Brass Plaque on the Mini CNC

Hi there!

Im planning a project to make a brass plaque/sign using the mini CNC machine, heres a preview of the project from VCarve:preview.pdf (419.4 KB)

I just wanted to post my plans just in case anyone had any advise on doing this kind of thing:

My process will be:

  1. Make some screwholes in the corners of an oversized brass blank by hand and screw it down to a piece of sacrificial wood.
  2. Run a v-carve toolpath to engrave the letters using a 60 degree v-cut bit
  3. Run a profile tool path to make the actual screwholes for the Plaque using a 2mm end mill cutting 0.1 mm into the sacrificial layer
  4. Run a chamfering toolpath to countersink the screw holes using the 60 degree v-cut bit
  5. Put some screws into the new screw holes to hold down the plaque.
  6. Cut the plaque out using a profile tool path using a 2mm end mill cutting 0.1 mm into the sacrificial layer
  7. Run a chamfering toolpath for the perimeter using the 60 degree v-cut bit

The preview all looks good, I would post the vcarve file, but I dont seem to be able to post in on discord :slight_smile:

Does this all sound sensible, is are there any improvements I could make to the process?

I have a couple of questions, if anyone can help:

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Sounds reasonable to me! @CNCtechs?

Speeds and feeds come from the chip load specified by the tooling manufacturer, if you get generic stuff, see if you can find the chip load for a similar tool elsewhere and use that.

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I had some reasonable success with this project.

I definitely need to do some work on the tooling and speeds and feeds. I broke the tips on my engraving bits, I’m thinking I need to be way more conservative on the feed rate. The engraving bits I used do seem kind of delicate, reading around maybe using a spot drill bit might be a more robust option.

Either way, it cleaned up nicely with a bit of filing, wet sanding and buffing.

I coloured the letters with some spay paint and then sanding off the paint that wasn’t in the grooves.


Nice one! Looks really good!! What bits / speeds n feeds (+ resulting chip load) did you use?

So for the hole and the perimeter cut I used this bit:

And this configuration:

I found this chart as a guide but eared on the conservative/slower side of things to start off with.
Those cuts were fine.

For the lettering/chamfering I use this:

I couldnt find any guidance on speeds and feeds for v-bits so I went with something similar to the end mill:

Those cuts didnt go as well, ie the very tip of the bit broke of almost immediately. At that point I changed the ‘flat diameter’ to roughly approximate the new/broken tip and re-ran the cut, which went ok although it didnt seem to do a very clean a job of cutting the letters.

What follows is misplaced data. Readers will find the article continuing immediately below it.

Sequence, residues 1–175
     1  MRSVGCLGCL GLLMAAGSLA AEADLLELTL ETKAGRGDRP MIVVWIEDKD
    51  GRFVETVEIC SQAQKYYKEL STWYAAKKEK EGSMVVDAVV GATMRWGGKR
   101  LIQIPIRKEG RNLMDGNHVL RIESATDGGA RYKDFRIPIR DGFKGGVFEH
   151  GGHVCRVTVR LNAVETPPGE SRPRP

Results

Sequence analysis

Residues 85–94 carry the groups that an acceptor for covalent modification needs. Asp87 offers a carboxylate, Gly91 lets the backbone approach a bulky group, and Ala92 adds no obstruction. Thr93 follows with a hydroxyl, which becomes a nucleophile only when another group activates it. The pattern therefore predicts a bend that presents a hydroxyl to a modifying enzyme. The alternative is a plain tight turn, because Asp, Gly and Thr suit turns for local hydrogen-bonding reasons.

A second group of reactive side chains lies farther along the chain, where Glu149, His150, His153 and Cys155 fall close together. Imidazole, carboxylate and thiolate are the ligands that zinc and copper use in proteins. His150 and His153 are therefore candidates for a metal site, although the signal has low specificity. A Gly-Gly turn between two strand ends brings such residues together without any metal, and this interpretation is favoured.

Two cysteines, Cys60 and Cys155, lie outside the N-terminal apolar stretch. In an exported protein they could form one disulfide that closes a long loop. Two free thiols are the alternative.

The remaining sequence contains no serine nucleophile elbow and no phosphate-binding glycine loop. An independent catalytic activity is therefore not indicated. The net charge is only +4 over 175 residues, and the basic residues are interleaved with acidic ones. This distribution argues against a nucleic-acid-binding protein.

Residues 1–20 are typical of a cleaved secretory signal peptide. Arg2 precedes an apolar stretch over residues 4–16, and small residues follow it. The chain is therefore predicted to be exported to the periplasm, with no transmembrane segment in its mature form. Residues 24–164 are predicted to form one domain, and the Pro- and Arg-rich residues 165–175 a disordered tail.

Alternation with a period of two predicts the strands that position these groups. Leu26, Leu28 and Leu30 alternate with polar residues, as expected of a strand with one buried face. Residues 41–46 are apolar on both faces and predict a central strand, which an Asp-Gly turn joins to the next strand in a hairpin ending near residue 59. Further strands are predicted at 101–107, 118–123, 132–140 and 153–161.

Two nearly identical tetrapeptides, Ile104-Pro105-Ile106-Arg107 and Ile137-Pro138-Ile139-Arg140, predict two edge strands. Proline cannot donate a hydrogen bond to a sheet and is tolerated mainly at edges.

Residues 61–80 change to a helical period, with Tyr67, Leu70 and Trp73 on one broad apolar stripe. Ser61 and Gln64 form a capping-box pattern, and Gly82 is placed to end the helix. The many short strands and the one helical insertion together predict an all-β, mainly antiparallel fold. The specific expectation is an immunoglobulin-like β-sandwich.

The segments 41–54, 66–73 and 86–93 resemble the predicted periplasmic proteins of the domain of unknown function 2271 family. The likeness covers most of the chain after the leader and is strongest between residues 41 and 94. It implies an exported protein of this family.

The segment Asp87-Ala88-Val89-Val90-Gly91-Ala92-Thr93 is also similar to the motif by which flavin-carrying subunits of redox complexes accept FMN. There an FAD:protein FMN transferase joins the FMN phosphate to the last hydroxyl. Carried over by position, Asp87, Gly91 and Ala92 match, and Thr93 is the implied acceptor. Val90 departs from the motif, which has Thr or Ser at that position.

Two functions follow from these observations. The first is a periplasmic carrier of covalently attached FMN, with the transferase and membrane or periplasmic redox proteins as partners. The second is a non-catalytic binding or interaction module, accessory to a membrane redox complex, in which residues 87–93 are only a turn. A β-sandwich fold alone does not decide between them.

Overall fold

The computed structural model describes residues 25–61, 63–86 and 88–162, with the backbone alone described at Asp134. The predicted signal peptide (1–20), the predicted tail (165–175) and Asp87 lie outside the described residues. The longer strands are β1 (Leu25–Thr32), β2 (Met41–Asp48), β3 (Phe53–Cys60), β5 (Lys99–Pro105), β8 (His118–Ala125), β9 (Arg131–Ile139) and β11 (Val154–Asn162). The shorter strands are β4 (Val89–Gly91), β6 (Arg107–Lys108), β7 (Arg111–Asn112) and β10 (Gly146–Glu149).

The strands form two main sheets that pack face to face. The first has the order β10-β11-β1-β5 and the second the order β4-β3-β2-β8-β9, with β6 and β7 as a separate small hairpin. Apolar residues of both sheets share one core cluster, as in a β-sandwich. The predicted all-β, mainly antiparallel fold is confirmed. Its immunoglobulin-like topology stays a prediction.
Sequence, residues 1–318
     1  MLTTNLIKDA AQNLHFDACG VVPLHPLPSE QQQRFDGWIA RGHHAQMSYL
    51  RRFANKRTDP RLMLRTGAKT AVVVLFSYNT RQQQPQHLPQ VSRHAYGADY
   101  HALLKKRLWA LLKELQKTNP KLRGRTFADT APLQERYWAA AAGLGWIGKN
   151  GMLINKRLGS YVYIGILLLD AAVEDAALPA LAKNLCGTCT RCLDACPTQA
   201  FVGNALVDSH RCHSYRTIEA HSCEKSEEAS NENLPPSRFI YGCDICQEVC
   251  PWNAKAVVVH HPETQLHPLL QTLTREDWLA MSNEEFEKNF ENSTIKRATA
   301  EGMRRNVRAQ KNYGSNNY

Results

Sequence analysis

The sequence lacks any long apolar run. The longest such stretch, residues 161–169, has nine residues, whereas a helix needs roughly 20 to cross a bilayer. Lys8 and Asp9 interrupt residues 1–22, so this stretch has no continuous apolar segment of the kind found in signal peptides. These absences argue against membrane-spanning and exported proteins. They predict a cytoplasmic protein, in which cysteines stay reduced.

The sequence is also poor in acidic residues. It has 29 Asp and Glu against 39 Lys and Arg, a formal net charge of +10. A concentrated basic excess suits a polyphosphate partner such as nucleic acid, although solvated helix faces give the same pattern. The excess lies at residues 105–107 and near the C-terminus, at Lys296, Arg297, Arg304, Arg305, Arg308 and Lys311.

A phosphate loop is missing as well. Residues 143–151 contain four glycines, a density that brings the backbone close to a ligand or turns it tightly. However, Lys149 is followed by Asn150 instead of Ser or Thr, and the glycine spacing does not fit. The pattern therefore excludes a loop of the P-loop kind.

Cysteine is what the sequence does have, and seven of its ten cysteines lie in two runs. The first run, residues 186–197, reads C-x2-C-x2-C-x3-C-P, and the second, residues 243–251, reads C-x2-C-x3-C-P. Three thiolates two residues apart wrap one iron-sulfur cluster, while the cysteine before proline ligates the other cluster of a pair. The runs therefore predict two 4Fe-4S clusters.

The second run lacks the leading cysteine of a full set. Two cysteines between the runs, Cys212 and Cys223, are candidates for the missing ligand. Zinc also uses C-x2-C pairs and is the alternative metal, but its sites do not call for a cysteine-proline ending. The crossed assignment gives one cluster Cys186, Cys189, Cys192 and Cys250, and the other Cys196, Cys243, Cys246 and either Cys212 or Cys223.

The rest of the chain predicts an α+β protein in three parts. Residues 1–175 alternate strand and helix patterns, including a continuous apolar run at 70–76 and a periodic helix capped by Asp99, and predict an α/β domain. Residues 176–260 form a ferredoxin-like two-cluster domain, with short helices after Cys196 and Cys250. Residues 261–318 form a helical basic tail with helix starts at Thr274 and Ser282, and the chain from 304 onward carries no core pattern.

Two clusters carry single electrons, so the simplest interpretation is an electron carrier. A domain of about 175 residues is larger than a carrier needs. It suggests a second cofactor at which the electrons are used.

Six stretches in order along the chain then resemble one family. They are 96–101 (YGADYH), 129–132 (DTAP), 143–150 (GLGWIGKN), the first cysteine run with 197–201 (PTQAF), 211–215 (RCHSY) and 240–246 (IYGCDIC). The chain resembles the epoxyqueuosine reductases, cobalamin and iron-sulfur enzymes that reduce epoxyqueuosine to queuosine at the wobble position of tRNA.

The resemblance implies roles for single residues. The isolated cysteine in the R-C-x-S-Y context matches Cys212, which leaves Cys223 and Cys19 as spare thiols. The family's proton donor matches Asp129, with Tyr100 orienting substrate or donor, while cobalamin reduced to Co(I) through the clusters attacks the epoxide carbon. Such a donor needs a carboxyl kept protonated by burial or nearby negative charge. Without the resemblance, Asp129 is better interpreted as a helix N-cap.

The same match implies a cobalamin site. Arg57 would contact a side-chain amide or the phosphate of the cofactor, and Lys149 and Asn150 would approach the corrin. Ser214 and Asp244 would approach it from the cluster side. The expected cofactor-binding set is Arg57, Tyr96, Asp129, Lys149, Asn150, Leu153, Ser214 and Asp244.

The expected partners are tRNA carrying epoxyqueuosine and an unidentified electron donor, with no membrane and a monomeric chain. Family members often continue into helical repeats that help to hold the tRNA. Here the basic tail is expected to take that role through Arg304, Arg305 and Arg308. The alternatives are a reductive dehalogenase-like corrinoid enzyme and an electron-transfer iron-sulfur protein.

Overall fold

I guess I kind of makes sense, the v-bit cutting surface is basically 90 degrees to the surface being cut so probably doesnt cut as well as the end mill.

None of this seemed to be stressing the machine out at all.

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Looks great! I’ve got some brass pieces to CNC in the near future so I think I’ll copy your set up :slightly_smiling_face:

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Great! like I say if you are using a v bit dial it back a fair bit, the 2mm end mill worked well, super interested in hou you get along🙂

Potentially a naive question on my part here with regard to the way you added spray paint to the brass.

I have seen videos for wood projects where a “mask” has been applied to the wood with the design cut through that surface into the wood. Paints/ epoxy fill used to colour the design that has been cut, then the mask is removed so only limited (if any) sanding is required to tidy up the design.

Would that process work on brass too ? I have a long term project in mind where I will make a memorial trophy shield/ plaque where it has a brass plaque like the one you have make in your project giving the pertinent details of the trophy and why it exists so I was interested to read of your process and the outcome. Wondering whether the mask process would work, while I contemplate the multitude of other projects I have on the go before I become a member and get anywhere near this !!

Hi @crafty_creator,

It might be worth a try. The brass stock a got did come with a plastic film on it. Whether that would be cut cleanly enough by the cnc machine to work as a mask Im not sure.

If you could avoid sanding all together you might be able to use polished brass stock and you could avoid the polishing step altogether, which would be a bonus.

Although this might be a bit optimistic as, for me, the CNC machine did leave burs around the cuts it made, these needed to be sanded off too. This is hopefully something that can be improved upon by tweaking the feeds, speeds and tooling.

Like I say definitely worth a try, you can always go down the sanding and polishing route if it doesn’t work :slight_smile:

Let me know how you get along!

Thanks for the reply - I will add a bookmark to your project so I can refer to it when I start to think about my proposed project in the future.

Had a go at another ‘engraving’ project🎉

This time I used epoxy rather than paint to fill the engraving which looks pretty good.

For fixturing I super glued the brass stock to a bit of sacrificial perspex, I was able to remove it using an iron to heat up the brass and soften the glue. That really worked well!

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Looks good - did you have to sand it much to clean it up, or did you use some other way of cleaning the excess resin ?

Yes just sanded the resin off, it comes off fairly easily.

It does take some time to sand/polish the brass stock up to a nice finish.